At age 26, Ellie has been a Food Lifeline volunteer for more than a dozen years. She started as a tag-along kid on her big sister’s high-school service project and keeps volunteering well into adulthood because she finds the experience so rewarding.
“I feel like it makes such an impact – so direct, so profound,” Ellie says. “To know that the food that I’m sorting and handling is going into people’s homes in the next couple of days – that’s really incredible.”
When she drives by her local food bank and sees her neighbors lined up for groceries, “I’m grateful for the privilege I’ve had in my life, for my community here that I’m helping,” she says.
Then Ellie turns less serious and laughs (as she does often in a conversation). There’s a practical side benefit to volunteering at Food Lifeline, she says: Moving boxes of food can do double duty as “my daily workout.”
Ellie enjoys the camaraderie at Food Lifeline, both with staff and other volunteers. “It’s such a great environment, so friendly and welcoming.”
Ellie appreciates the organization’s policy of allowing young people to help. When her sister was exploring community service to satisfy her graduation requirement, their mother hoped for an opportunity their family could do together.
“My mom instilled a volunteer spirit in us,” Ellie says.
They signed up for Sort and Pack sessions, which allow children as young as 6 to volunteer. Ellie was fascinated by the warehouse environment.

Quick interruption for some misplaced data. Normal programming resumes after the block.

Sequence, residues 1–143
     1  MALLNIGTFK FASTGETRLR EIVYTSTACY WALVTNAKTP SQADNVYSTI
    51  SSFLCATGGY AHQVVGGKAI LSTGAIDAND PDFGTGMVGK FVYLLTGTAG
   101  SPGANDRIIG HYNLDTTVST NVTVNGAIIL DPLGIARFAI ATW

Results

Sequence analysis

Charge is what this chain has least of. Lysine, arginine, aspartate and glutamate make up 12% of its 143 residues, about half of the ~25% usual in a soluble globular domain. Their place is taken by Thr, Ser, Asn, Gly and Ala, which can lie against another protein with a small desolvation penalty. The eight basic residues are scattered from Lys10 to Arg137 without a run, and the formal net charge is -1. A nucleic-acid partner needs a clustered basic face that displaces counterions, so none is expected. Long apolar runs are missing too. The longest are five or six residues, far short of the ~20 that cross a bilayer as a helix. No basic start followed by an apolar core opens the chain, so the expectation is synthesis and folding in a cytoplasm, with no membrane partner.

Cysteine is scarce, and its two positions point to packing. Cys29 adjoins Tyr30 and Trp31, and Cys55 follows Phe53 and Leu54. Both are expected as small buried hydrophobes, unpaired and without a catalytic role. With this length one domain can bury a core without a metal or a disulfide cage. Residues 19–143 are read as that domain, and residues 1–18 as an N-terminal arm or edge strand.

“It was the first time I got a glimpse behind the scenes into the food world, aside from the grocery store.”
After her sister graduated, Ellie and her mother continued to participate, at first together and then separately. Beyond sorting and packing, Ellie has volunteered for Food Lifeline at Fresh Rescue, Stamp Out Hunger, The Alley at the Bite of Seattle and the Savor auction and dining fundraiser.
The amount of her volunteer time ebbs and flows, depending on what else is going on in her life. But Food Lifeline is a constant.
“It’s always been there for me. It’s so flexible,” she says, adding, “I’ve left every volunteer experience feeling good.”
Volunteering, the college student says, has influenced her world view. Her goal is a career that helps people, and Ellie gives credit to Food Lifeline.
Serving there during so many formative years, she says, helped nurture “a giving-back spirit in myself.”
To see the range of ways you could give time to end hunger, visit Food Lifeline’s Volunteer page.
All of these photos are of Food Lifeline volunteers, however Ellie is not pictured in this article.